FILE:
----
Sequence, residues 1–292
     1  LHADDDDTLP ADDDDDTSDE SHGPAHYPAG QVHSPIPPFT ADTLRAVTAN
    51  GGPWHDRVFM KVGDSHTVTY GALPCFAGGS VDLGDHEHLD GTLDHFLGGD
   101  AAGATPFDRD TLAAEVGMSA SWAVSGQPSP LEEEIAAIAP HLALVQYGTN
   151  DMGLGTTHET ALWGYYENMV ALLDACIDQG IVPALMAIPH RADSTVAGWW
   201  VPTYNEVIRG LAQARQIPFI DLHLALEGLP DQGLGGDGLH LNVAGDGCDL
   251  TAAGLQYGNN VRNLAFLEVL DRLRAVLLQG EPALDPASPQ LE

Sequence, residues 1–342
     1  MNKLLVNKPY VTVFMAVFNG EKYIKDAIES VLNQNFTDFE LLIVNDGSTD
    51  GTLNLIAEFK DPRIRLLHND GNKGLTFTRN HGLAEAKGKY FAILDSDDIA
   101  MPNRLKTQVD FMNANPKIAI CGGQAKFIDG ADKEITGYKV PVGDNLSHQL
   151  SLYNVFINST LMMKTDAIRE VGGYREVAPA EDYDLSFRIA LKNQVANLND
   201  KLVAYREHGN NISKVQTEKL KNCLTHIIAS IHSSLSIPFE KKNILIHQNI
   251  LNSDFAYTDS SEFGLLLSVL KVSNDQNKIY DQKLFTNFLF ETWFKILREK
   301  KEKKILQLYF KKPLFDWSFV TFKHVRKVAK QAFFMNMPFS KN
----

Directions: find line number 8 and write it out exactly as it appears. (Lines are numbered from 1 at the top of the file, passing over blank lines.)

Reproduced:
Sequence, residues 1–342